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Of Ingenuity And Insane Clown Posse: 5 Books On Music For What's Left Of Summer

Music books
Andrew Bannecker

It's already August 8, which means you've got maybe three or four weeks left to complain about preseason football, inadequately shield yourself from the scorching heat of the sun, and communicate with your kids about something other than why they haven't done their homework. So why not get cracking on a book?

Compiled by the staff of NPR Music, this roundup skims across just a few of the most notable music-themed books of the year so far, from a lengthy interview with composer Leonard Bernstein to one man's quest to understand obsessive Insane Clown Posse fandom. Along the way, we survey the life of jazz legend Dr. Billy Taylor, dive into a novel by Golden Palominos' Lori Carson, and even explore the history of the violin.

So join us in incorporating a book into what remains of your leisure time! Trust us: There's no better way to combine the decadence of the beach with the ability to ignore everyone around you.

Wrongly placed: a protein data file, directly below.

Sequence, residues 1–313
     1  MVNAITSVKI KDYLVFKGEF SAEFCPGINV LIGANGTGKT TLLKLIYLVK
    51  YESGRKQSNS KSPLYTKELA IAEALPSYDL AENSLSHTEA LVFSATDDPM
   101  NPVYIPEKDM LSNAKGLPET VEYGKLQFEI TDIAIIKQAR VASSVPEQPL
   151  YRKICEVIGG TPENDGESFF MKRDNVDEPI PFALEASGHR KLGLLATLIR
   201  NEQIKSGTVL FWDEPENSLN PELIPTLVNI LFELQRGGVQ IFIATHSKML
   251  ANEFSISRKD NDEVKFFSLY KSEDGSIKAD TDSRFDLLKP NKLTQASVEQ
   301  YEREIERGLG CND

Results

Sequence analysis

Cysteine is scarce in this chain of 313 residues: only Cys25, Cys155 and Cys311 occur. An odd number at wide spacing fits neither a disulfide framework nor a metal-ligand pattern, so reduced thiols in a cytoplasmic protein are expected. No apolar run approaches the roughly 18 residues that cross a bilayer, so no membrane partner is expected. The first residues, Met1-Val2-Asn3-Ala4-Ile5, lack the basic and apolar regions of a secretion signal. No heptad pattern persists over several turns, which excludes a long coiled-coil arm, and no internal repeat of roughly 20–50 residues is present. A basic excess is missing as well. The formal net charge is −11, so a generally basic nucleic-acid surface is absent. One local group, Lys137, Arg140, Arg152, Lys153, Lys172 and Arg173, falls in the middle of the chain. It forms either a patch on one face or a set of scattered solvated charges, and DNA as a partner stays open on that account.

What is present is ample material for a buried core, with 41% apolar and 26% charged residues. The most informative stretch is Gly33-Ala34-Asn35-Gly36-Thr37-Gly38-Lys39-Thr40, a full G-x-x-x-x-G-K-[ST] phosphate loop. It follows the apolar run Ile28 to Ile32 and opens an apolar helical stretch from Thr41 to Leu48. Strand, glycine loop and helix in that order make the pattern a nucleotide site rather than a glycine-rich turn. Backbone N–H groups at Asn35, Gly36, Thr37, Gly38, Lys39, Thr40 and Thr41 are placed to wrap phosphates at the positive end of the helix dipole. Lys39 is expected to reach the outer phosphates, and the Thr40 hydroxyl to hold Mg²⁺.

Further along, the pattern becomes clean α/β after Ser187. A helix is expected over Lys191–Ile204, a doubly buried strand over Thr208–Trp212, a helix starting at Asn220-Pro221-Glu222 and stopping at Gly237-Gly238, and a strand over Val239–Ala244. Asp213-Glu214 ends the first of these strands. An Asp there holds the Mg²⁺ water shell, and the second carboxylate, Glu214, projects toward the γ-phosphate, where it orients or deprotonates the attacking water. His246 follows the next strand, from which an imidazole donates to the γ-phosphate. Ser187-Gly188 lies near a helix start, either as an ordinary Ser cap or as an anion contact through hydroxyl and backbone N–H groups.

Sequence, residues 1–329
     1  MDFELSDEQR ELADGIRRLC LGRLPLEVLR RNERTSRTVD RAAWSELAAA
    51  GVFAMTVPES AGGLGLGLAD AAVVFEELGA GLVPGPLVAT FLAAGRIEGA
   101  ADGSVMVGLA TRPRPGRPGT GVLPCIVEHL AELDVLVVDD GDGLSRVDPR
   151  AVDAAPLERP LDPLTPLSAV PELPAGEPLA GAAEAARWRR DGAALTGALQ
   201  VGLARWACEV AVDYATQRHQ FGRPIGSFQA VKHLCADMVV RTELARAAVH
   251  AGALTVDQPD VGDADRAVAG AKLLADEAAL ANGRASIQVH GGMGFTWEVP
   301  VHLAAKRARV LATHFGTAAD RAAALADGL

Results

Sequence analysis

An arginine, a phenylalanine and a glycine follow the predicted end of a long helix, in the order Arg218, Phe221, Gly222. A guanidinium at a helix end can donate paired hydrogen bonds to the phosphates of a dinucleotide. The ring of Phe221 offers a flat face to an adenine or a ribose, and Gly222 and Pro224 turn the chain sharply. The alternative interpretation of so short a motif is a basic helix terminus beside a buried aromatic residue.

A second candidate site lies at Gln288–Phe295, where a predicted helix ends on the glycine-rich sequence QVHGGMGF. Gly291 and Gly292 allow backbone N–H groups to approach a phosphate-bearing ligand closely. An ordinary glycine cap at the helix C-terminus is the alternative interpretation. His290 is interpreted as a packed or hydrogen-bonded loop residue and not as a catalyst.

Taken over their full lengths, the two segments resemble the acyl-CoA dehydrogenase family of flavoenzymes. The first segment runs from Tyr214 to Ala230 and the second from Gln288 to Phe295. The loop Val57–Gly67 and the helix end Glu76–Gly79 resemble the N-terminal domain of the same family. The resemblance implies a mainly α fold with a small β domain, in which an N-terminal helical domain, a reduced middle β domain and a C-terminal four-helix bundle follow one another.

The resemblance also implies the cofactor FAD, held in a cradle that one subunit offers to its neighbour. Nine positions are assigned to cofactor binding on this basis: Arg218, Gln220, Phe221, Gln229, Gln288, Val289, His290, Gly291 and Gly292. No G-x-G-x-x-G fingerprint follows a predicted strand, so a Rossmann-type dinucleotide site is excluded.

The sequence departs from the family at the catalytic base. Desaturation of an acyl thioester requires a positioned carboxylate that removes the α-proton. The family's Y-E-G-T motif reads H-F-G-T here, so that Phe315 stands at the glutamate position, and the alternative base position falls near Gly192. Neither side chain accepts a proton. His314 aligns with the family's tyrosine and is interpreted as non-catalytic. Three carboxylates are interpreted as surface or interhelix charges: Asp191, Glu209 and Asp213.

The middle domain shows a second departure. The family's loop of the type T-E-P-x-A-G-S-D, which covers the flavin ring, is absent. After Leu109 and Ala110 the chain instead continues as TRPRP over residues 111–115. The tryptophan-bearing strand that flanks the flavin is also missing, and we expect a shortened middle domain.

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Anastasia Tsioulcas is a reporter on NPR's Arts desk. She is intensely interested in the arts at the intersection of culture, politics, economics and identity, and primarily reports on music. Recently, she has extensively covered gender issues and #MeToo in the music industry, including backstage tumult and alleged secret deals in the wake of sexual misconduct allegations against megastar singer Plácido Domingo; gender inequity issues at the Grammy Awards and the myriad accusations of sexual misconduct against singer R. Kelly.
Mark Mobley
Felix Contreras is co-creator and host of Alt.Latino, NPR's pioneering radio show and podcast celebrating Latin music and culture since 2010.
Eamonn Fetherston
Ann Powers is NPR Music's critic and correspondent. She writes for NPR's music news blog, The Record, and she can be heard on NPR's newsmagazines and music programs.